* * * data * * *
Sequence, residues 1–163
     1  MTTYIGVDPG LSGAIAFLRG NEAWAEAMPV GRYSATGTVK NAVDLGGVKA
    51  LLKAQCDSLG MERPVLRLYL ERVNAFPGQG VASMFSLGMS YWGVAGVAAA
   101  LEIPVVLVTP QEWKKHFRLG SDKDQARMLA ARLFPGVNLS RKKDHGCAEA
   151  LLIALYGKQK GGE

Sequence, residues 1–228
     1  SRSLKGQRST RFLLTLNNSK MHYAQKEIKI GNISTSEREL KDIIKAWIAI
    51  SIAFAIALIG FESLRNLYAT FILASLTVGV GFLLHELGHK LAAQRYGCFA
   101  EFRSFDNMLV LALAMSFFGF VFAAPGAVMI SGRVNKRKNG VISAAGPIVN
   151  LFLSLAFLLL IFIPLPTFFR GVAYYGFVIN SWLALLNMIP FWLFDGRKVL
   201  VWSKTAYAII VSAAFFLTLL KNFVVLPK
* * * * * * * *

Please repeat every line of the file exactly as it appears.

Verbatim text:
Sequence, residues 1–163
     1  MTTYIGVDPG LSGAIAFLRG NEAWAEAMPV GRYSATGTVK NAVDLGGVKA
    51  LLKAQCDSLG MERPVLRLYL ERVNAFPGQG VASMFSLGMS YWGVAGVAAA
   101  LEIPVVLVTP QEWKKHFRLG SDKDQARMLA ARLFPGVNLS RKKDHGCAEA
   151  LLIALYGKQK GGE

Sequence, residues 1–228
     1  SRSLKGQRST RFLLTLNNSK MHYAQKEIKI GNISTSEREL KDIIKAWIAI
    51  SIAFAIALIG FESLRNLYAT FILASLTVGV GFLLHELGHK LAAQRYGCFA
   101  EFRSFDNMLV LALAMSFFGF VFAAPGAVMI SGRVNKRKNG VISAAGPIVN
   151  LFLSLAFLLL IFIPLPTFFR GVAYYGFVIN SWLALLNMIP FWLFDGRKVL
   201  VWSKTAYAII VSAAFFLTLL KNFVVLPK